“We assured her there was nothing wrong with her. There is something wrong with the world,” said Buckley, who tried to help his young parishioner understand that the fault did not rest with who she was but with external factors and decisions made by others.

Anticipating the need not only for material supplies but spiritual relief, award-winning gospel artist John P. Kee volunteered to perform a benefit concert in Jackson.

A friend of Kee’s in Jackson connected him to Biard, and he immediately knew she was someone who could help him set up the concert but also become an ongoing partner.

“I wanted to come in and partner with such a ministry where we could actually connect, and when I’m gone I’ll stay in touch, and I’ll be family,” Kee said.

Fixing Jackson’s pipes, water plant and other infrastructure needs requires resources that exceed what local churches can provide. Yet the lightning-quick response of faith leaders and their communities when the hour of need emerged provides evidence that help will be there in a crisis.

The show of unity by churches in Jackson may even be a sign of greater changes to come.

According to Biard, “I believe that this may be not just the initiation of a fresh start for Jackson, I believe it’s going to be a comprehensive fresh start … I believe that the Lord is getting ready to do something for Mississippi as a whole.”

To support local efforts to address the water crisis in Jackson, donate below.

Jemar Tisby. Photo courtesy Acorn Studio

Jemar Tisby. Photo courtesy Acorn Studio

General Missionary Baptist State Convention of Mississippi

Corporation of Global Community, a ministry of Jackson Revival Center Church.

(Jemar Tisby, PhD, is a historian, author and speaker. He wrote “The Color of Compromise” and “How to Fight Racism,” and he frequently writes about race, religion and politics in his newsletter, “Footnotes.” The views expressed in this commentary do not necessarily reflect those of Religion News Service.)

Bob Moses, civil rights leader, led us to imagine the end of racism

Bob Moses, civil rights leader, led us to imagine the end of racism

(RNS) — The death of Bob Moses on Sunday (July 25) at age 86 should make anyone who dares meddle with Americans’ voting rights in this country pause. The life of the great educator and civil rights leader in Mississippi during the turbulent and violent 1960s reminds us that there may be no more noble cause and that it attracts powerful champions.

I met the 29-year-old Moses at the Morning Star Baptist Church in Hattiesburg, Mississippi, in February 1964, when I was a young rabbi serving Congregation B’Nai Jehudah in Kansas City, Missouri. Like millions of Americans, I had been deeply moved months before by the huge civil rights rally that drew hundreds of thousands of people to the Lincoln Memorial.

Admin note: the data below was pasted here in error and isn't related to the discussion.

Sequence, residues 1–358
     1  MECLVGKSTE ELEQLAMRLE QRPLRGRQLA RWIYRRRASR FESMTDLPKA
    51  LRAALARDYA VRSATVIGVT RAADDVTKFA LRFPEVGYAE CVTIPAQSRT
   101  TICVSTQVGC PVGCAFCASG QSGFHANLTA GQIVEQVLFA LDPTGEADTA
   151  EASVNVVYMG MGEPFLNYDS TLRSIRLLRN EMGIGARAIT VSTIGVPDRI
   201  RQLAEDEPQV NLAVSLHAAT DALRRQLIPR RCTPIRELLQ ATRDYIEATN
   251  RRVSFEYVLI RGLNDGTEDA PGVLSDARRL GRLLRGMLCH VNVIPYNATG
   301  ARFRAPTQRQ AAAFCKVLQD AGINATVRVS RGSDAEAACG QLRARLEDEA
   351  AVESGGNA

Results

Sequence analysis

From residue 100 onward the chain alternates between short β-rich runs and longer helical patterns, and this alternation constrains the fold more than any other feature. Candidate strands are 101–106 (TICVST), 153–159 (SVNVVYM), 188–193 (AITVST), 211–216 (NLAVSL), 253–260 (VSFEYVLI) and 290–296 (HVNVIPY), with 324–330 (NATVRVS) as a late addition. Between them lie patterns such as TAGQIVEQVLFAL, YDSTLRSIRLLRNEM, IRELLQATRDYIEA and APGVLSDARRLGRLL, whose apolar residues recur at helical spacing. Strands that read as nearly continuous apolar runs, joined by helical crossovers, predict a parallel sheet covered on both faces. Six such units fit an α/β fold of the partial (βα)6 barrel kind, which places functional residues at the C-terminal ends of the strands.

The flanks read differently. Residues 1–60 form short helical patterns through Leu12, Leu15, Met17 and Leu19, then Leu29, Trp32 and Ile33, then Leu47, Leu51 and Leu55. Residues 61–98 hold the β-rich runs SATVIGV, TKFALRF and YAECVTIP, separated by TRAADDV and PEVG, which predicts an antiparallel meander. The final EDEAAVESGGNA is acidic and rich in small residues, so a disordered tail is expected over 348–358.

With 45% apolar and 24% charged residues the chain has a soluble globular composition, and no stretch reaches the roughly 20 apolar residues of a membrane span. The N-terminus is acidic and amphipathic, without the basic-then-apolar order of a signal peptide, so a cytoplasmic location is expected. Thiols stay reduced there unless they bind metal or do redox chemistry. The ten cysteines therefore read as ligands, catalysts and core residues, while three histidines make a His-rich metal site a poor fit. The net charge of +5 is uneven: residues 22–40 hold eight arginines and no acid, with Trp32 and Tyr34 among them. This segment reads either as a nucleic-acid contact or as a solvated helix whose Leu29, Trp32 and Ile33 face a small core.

In February 1964, the Rabbinical Association of Greater Kansas City sent me to Hattiesburg as its official representative to participate in the interreligious Ministers’ Project, which included rabbis, Presbyterian pastors and Episcopal priests from all over the country. I spent a week in Mississippi supporting the town’s African Americans, who were cynically forced to take a detailed and lengthy test that only a constitutional scholar could pass, designed to systematically deprive them of their vote.

When the Hattiesburg voting rights drive began in January, only 12 out of 7,000 eligible Black voters were registered. By early April, the number had climbed to nearly 800.

The drive, based upon non-violent direct action, consisted of marching each morning for several hours with other clergy in front of the Forrest County Courthouse demanding an end to voter suppression. In the afternoons, we went from house to house, instructing Black residents on how to register despite the onerous restrictions that were placed on them. In the evenings, the rabbis and Christian clergy attended various Black churches where we heard stirring music, powerful sermons and again we offered assistance in voter registration.

On one of those nights, at Morning Star Baptist, Bob Moses got up to speak. A graduate of Hamilton College in Clinton, New York, he had earned a master’s degree in philosophy at Harvard University, but, stirred by the civil rights movement, he had left his safe teaching position at Horace Mann, an elite private school in New York City, and traveled to Mississippi in 1960.

Moses soon became a prominent figure as the field secretary in the newly established  voter registration group, the Student Non-Violent Coordinating Committee, popularly known as “Snick.”

By February of 1964, he had become a legend. He had been shot at as he rode in a car. He had been knifed in the head by a violent segregationist, and, because no white doctor would treat his wound, Moses had to be driven around until a Black physician was finally located and sewed nine stitches in his head.

Moses delivered a powerful, eloquent address that night at Morning Star. He had a professorial mien and communicated in a soft voice but spoke in powerful cadences about the fundamental American right to vote. Fifty-seven years later, the memory  of Moses’ magnificent oration has the power to stir me.